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INDIANAPOLIS It’s foolish to expect a rookie left tackle to walk into the NFL and not go through some growing pains.

So when drafting a left tackle and projecting him at such a coveted position, there’s an element to the evaluation that must acknowledge how such a guy will bounce back.

Colts area scout Chad Henry checked that box for Bernhard Raimann in doing homework on the Central Michigan product.

“He’s a special kid now,” Henry says of Raimann. “He grows up in Austria, where football is not really a thing. He discovers it, loves it, plays semi-pro ball over there, wants to play ball, so he comes in this exchange program, goes to a small school, plays tight end his first two years in Central Michigan, gets on the field.

“He’s intelligent. He’s confident. He’s a worker. He believes in himself. He’s coachable. I mean it.”

Where Kevin Rogers, the Colts Director of Player Personnel, saw some resilience from Raimann came on film, in the biggest measuring stick games of the season.

“Whether it was when they played LSU early in the year or whether it was at the Senior Bowl, even when (Raimann) starts rough, he finds a way to self-correct,” Rogers observed. “He’s a competitive kid and he’s smart. That competitive drive that’s in him will help maximize what’s in his body.”

One of the biggest questions about Raimann entering the draft (besides his older age of 24 years old) was with his wingspan.

Raimann’s arm length of just under 33 inches is a reason why even the Colts acknowledge he fell to Round 3.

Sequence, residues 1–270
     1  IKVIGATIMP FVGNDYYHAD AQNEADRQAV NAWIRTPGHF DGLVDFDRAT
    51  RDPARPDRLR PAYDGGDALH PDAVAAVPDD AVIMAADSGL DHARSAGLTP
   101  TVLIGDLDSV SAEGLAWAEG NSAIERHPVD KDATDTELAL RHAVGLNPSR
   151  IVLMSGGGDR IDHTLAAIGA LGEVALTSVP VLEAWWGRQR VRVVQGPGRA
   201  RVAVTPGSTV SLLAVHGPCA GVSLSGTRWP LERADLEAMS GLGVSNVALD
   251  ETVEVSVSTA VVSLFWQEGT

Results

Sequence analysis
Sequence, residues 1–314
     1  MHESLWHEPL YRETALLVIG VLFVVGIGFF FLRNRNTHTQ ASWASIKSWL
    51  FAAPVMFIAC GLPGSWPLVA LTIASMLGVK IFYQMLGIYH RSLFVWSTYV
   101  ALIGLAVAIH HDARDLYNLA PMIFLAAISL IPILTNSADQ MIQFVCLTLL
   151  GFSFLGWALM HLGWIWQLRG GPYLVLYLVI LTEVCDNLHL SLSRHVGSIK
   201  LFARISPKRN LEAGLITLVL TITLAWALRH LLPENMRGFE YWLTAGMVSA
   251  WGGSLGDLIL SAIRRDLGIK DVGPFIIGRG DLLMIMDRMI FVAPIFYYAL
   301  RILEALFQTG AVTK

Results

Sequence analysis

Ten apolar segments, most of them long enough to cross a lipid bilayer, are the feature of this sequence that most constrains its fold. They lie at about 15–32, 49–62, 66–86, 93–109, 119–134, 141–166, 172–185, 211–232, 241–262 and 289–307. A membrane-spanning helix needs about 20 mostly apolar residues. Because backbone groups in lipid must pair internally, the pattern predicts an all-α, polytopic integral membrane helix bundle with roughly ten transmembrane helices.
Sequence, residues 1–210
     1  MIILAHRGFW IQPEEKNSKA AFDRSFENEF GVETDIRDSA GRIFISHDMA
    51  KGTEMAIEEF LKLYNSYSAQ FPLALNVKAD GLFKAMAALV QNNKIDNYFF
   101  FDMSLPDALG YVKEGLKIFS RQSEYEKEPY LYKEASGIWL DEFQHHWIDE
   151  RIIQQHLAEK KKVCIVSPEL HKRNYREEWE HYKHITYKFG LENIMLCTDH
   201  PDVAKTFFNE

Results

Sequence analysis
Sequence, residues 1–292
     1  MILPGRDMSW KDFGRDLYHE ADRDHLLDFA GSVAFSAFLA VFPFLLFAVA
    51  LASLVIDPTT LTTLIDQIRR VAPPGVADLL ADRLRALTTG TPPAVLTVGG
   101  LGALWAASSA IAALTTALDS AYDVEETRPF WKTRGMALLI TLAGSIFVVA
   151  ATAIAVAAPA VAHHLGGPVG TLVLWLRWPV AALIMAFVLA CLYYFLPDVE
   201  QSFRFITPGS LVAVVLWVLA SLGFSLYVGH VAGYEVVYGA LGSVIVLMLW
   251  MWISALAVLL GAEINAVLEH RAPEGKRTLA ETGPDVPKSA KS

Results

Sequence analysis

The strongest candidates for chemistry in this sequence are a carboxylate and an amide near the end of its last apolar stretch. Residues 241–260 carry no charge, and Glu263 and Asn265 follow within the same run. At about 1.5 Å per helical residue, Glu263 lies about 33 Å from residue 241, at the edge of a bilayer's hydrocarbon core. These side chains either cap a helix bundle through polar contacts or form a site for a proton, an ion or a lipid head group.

But it’s the soccer/tight end background of Raiman, making the Colts believe that his footwork will allow him to be more frequently in proper position, therefore not needing to rely on longer arms to bail him out.

“You consider the arm length, but there are plenty of starting tackles playing in the league that have a little bit shorter arms,” Rogers says. “Braden Smith is a guy that people questioned whether his arm length is going to enable him to survive. And really, the way the tackle position is anymore, I mean, right and left, they’re almost interchangeable. It’s a pass-protection league; you got to pass pro on the right and left.

“He’s got great lean body mass, 250 pounds of lean mass. He’s got the feet to center up on the edge. I mean, there’s plenty physically for him to survive on the outside.”

Entering training camp, Matt Pryor (2 career starts at left tackle) will get the first look at left tackle, with Raimann also involved in that competition.

Seeing Raimann getting beat at Grand Park will certainly happen.

But how he reacts to that is something the Colts keep on going back to in believing in him at the top level of football.

“He’s like, a sponge, picks things up really quick (and) he’s got a top one percent work ethic,” Henry says of Raimann.

“I think he fits in our culture. One thing Chris (Ballard) always talks about is, ‘We want guys who are coachable, we want guys who want to get better.’ I think that he fits that to a T.”